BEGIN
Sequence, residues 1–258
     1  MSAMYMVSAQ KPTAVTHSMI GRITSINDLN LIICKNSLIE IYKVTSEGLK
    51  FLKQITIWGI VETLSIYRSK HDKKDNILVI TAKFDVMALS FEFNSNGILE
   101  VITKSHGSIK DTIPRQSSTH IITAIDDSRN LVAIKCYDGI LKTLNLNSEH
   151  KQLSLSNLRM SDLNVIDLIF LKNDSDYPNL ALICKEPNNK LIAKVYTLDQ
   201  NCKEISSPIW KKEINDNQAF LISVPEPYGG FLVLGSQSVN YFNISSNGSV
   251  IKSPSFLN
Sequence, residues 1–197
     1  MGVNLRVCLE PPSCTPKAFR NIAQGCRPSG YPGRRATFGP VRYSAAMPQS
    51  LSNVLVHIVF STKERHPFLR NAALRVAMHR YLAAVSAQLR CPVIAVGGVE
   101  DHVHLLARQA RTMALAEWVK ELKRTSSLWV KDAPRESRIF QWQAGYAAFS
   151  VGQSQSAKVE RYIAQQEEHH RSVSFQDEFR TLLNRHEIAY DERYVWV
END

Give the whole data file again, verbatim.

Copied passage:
Sequence, residues 1–258
     1  MSAMYMVSAQ KPTAVTHSMI GRITSINDLN LIICKNSLIE IYKVTSEGLK
    51  FLKQITIWGI VETLSIYRSK HDKKDNILVI TAKFDVMALS FEFNSNGILE
   101  VITKSHGSIK DTIPRQSSTH IITAIDDSRN LVAIKCYDGI LKTLNLNSEH
   151  KQLSLSNLRM SDLNVIDLIF LKNDSDYPNL ALICKEPNNK LIAKVYTLDQ
   201  NCKEISSPIW KKEINDNQAF LISVPEPYGG FLVLGSQSVN YFNISSNGSV
   251  IKSPSFLN
Sequence, residues 1–197
     1  MGVNLRVCLE PPSCTPKAFR NIAQGCRPSG YPGRRATFGP VRYSAAMPQS
    51  LSNVLVHIVF STKERHPFLR NAALRVAMHR YLAAVSAQLR CPVIAVGGVE
   101  DHVHLLARQA RTMALAEWVK ELKRTSSLWV KDAPRESRIF QWQAGYAAFS
   151  VGQSQSAKVE RYIAQQEEHH RSVSFQDEFR TLLNRHEIAY DERYVWV